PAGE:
Devpolicy Talks

Can the world’s governments agree on a better framework for pandemic response?

Episode Summary

Helen Clark sat down with Robin Davies on her March 2024 visit to the Australian National University to talk about whether governments and global institutions are ready to change the way they respond to pandemics.

Episode Notes

Helen Clark sat down with Robin Davies on her March 2024 visit to the Australian National University to talk about whether governments and global institutions are ready to change the way they respond to pandemics.

Clark has had a long career in public service as New Zealand’s Prime Minister, Administrator of the United Nations Development Programme and Co-Chair of the Independent Panel on Pandemic Preparedness and Response.

With this episode, we're relaunching our podcast after a more than two-year hiatus. In this new season, we'll bring you a mix of interviews, event recordings, and more in-depth documentary features relating to the topics we research at the centre, namely Australia's overseas aid, development in Papua New Guinea and the Pacific, and regional and global development issues.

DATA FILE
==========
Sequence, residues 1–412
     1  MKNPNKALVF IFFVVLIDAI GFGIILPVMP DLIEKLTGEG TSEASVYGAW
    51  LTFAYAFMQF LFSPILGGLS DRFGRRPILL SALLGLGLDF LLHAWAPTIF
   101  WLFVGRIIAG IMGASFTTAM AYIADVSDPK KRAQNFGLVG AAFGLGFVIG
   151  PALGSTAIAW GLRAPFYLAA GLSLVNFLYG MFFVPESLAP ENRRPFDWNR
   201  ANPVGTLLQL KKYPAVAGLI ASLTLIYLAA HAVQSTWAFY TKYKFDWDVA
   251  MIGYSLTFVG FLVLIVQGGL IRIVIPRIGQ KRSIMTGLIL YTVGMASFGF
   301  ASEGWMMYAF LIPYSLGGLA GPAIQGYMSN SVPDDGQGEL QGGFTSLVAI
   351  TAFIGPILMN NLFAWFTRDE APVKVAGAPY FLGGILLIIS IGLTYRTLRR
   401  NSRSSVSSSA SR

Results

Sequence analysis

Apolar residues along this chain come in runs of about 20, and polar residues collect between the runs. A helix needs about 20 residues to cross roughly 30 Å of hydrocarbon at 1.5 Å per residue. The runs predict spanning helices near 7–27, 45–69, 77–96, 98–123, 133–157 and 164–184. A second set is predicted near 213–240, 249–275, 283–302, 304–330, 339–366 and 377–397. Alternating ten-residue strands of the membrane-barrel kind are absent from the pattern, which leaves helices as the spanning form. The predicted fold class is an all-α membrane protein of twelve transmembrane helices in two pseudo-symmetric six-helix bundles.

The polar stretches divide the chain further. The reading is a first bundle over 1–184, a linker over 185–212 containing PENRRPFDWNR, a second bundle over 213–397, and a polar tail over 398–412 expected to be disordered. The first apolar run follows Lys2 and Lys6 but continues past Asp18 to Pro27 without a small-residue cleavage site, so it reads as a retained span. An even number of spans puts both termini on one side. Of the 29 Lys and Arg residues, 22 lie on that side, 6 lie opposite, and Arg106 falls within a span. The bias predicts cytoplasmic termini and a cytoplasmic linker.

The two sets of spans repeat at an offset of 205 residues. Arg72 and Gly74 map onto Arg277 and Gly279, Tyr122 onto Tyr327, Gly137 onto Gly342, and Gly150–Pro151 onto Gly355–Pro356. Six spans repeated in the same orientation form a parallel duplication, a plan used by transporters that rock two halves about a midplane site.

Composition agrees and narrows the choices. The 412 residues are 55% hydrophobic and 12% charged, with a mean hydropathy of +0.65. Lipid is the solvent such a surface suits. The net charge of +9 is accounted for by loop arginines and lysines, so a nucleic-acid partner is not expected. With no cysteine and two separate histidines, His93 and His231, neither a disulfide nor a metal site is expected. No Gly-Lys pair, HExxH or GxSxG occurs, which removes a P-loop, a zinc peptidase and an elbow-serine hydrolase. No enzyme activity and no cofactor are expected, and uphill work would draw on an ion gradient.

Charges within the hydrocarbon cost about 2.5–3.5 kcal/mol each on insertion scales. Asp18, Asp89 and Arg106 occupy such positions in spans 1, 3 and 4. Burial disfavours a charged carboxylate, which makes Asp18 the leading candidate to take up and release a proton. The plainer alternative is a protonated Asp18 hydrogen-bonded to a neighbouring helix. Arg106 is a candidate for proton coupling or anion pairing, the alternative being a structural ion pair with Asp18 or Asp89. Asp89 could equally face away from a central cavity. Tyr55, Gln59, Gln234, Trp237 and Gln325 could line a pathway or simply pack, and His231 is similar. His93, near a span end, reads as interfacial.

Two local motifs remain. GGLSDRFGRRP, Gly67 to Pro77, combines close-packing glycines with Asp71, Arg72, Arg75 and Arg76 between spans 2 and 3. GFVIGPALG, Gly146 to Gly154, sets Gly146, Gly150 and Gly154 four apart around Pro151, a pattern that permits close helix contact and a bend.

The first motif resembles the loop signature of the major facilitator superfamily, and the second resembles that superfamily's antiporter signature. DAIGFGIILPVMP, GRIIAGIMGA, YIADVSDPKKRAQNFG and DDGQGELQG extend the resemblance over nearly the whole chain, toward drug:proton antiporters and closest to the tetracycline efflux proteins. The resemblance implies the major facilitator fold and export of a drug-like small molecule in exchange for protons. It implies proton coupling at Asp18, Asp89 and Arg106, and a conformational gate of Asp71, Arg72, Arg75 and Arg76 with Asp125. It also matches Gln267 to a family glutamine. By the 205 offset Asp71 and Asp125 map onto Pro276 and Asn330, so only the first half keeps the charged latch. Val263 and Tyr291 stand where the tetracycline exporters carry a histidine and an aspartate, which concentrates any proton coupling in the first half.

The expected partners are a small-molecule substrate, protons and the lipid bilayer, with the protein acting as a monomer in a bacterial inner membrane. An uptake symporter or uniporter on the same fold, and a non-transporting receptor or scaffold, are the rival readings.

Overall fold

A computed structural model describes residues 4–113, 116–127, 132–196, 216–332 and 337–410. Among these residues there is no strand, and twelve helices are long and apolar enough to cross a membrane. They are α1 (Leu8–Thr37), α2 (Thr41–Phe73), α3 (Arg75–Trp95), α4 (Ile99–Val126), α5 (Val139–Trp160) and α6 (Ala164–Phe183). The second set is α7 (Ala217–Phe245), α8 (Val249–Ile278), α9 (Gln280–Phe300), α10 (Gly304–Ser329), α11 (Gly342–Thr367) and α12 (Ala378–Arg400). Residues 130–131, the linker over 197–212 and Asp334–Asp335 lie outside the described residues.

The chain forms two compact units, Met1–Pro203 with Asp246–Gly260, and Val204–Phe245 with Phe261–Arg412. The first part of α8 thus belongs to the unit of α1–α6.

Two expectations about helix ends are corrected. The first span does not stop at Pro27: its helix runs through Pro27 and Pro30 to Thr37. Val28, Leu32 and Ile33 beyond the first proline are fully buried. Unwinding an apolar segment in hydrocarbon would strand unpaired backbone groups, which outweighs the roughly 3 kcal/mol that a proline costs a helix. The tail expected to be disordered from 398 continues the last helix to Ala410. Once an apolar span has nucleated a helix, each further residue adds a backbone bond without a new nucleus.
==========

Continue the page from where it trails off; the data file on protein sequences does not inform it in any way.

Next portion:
You can also listen to a public lecture that Helen Clark delivered at the ANU by visiting our sister Crawford School of Public Policy podcast, Policy Forum Pod.

Helen Clark will return to Australia to address the 2024 World Health Summit Regional Meeting, which will be held in Melbourne from 22 - 24 April 2024.

Download the transcript.

Photo credit: David Fanner / ANU.

Episode Transcription

Please note: We provide transcripts for information purposes only. Anyone accessing our transcripts undertake responsibility for assessing the relevance and accuracy of the content. Before using the material contained in a transcript, the permission of the relevant presenter should be obtained.   

The views presented in this podcast are the views of the host and guests. They do not necessarily represent the views or the official position of the Development Policy Centre.

Robin Davies 00:00 
Devpolicy Talks is back after a long break. I'm Robin Davies and today I'm speaking with Helen Clark. 

Acknowledgement 00:14 
We wish to acknowledge the indigenous people of Australia, the wider Asia-Pacific region and other parts of the world and express our respect for their traditional knowledge and practices which stemmed from a deep connection to the lands and waters they have inhabited for millennia. 

Helen Clark 00:34